Dark Road To Darjeeling is the fourth installment in the Lady Julia Grey series – although I suppose it’s the Lady Julia Brisbane series now that she’s married private enquiry agent Nicholas Brisbane. They are at the end of a rather extended honeymoon, seeing parts of the world when Lady Julia’s sister Portia and brother Plum appear and request the two come to India with them. Portia’s former lover, who left her in Silent on the Moor to marry and go to India in order to have a family, is now a widow, and heavily pregnant. Portia has received several letters from her and is concerned that the death of Jane’s husband Freddie was not an accident. Jane seems in a fragile state of mind and Portia is worried for the safety of her and her unborn child.
Freddie was the owner of a tea plantation and because of his sudden death and their swift marriage, Jane is not sure if the estate is entailed down the male line. If Jane gives birth to a son, the son will be the heir to all the plantation and estate. If Jane has a daughter, she will most likely be free to leave and the estate will go to another male relation. Due to the uncertain nature of Freddie’s death, Portia worries what will happen if someone killed him to gain control of the estate and then Jane delivers a son and heir. She begs Lady Julia and Nicholas to come to the estate and stage some discreet investigations under the guise of Portia and Lady Julia coming to be with Jane in her confinement. Sensing that Brisbane is just about fed up with their peaceful and investigation-free honeymoon, and agreeable to helping her sister and Jane, Lady Julia agrees and they travel to India.
Once at Peacocks, the Cavendish estate, Lady Julia (who has lost Brisbane along the way in Calcutta, caught up in some other business) starts an investigation trying to be as discreet as possible. She is determined to prove herself to Brisbane in order to be considered an equal partner by his side and believes that if she wraps up the investigation before he even arrives, he will be forced to accept that she can do this sort of work. She questions, as delicately as possible, Freddie’s remaining relatives and a couple of local neighbours and Jane but is unable to really discover enough to make a conclusion before Brisbane arrives on the scene. She does learn that a few old friends from another investigation, are living remarkably close by.
As the time of Jane’s baby’s arrival draws closer, Lady Julia and Brisbane are drawn into the world of Peacocks and its surrounds and there is more than one mystery going on in the beautiful shadow of the Himalayas. And a dangerous creature that just might kill one of them before the investigation can be complete.
I ordered this book after reading the first 3 from my local library and discovering that they didn’t yet have this one. It arrived when I was on my way out to do some shopping and as soon as I got home I sat down and devoured it in one sitting. I love the fact that Lady Julia and Brisbane’s marriage hasn’t just set them on the path to bliss and they have very real disagreements and flat-out fights that are similar to the sorts of scenes they had in the previous three novels, but with a new twist. I suspect they will always have these sorts of differences of opinions quite simply because of the sort of male Brisbane is and the sort of female Lady Julia is. They are very much progressive for their time and place but Brisbane is also still very much an alpha male in charge, no matter how he might occasionally indulge Lady Julia.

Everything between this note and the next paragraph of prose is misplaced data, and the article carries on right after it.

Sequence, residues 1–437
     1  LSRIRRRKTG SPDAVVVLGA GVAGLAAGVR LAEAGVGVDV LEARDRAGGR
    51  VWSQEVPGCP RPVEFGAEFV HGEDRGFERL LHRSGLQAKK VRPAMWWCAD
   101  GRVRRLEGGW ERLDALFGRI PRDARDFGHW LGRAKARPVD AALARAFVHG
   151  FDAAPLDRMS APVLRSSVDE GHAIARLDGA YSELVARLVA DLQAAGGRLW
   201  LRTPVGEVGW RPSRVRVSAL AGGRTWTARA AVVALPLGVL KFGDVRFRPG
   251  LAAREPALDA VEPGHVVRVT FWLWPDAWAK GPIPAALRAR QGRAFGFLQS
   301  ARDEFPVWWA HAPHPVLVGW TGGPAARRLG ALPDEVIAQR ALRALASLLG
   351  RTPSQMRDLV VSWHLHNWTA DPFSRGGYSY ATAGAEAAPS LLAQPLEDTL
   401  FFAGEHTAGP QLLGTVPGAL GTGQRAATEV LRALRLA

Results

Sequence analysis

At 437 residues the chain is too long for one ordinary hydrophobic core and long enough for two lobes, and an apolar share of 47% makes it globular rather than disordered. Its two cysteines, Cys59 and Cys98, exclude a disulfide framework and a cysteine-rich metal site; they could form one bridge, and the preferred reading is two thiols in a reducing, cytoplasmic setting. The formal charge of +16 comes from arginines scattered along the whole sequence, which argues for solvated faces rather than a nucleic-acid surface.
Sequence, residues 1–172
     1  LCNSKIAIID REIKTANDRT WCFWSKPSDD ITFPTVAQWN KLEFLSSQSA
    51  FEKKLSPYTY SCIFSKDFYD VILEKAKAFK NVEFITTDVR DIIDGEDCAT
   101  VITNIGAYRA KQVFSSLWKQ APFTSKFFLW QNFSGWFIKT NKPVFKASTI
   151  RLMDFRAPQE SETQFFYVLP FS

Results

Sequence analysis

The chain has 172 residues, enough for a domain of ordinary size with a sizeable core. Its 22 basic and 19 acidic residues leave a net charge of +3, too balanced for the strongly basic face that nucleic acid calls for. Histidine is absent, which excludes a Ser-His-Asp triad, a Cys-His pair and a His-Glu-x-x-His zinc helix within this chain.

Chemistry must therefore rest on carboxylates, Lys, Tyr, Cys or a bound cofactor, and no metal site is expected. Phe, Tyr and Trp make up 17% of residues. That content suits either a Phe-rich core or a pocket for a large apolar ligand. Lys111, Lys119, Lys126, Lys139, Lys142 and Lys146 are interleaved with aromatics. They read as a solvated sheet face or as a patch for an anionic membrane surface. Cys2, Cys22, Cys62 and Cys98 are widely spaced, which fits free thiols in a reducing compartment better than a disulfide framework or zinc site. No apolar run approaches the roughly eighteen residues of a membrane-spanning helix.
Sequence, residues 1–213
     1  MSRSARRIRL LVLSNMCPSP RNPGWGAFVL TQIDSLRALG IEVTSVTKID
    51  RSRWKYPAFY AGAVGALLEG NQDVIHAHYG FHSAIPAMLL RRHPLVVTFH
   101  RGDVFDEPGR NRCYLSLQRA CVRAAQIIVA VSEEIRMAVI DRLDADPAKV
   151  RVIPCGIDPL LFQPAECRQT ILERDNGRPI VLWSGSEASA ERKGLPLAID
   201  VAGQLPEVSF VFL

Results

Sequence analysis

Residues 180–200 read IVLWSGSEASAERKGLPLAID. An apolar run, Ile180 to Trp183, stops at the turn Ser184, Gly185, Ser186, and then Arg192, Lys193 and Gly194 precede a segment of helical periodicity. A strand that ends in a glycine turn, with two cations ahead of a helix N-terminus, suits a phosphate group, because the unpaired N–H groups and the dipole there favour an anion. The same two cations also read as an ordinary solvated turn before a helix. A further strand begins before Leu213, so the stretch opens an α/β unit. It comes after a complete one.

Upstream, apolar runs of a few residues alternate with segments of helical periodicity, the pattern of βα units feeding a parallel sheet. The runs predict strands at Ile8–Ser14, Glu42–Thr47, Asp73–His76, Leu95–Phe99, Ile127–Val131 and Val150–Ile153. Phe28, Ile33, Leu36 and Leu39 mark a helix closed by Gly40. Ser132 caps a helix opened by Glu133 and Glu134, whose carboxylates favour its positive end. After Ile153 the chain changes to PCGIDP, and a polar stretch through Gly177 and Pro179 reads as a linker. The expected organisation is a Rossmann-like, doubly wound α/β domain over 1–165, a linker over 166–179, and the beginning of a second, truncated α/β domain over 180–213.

I enjoyed the different setting in this novel, it was nice to get away from England and visit 19th century India. Even though a lot of the inhabitants were wealthy English people who had gone abroad for a new life on the continent, it was still interesting to visit a different setting, especially one quite different to England. There was enough local flavour and tidbits included, such as the bit about servants of different ethnic backgrounds doing certain tasks and not others.
As always with these novels, I found everything about it to be wonderful – the characters, the setting, the mystery. I always like the inclusion of various members of Lady Julia’s family, especially in smaller doses. The large gatherings at March House can be a bit exhausting and busy but I do like when there’s one or two siblings lurking around and getting to know them better. Portia has always been a favourite of mine and I felt for her muchly in this novel. The only thing I probably didn’t enjoy so much was the sad happening at the end, which I didn’t see coming! I spent three quarters of the book fearing that this person was in danger and then relaxed because it was all over and they weren’t and then bam! They were just gone! Very very effective in terms of getting the most emotional reaction and impact from that event.
I’ve now caught up with all of these books so this begins my least favourite experience with a new series: awaiting each book! I hope there’s not too long to wait for the fifth novel and it is released sometime in 2011 because I’m on edge for it now!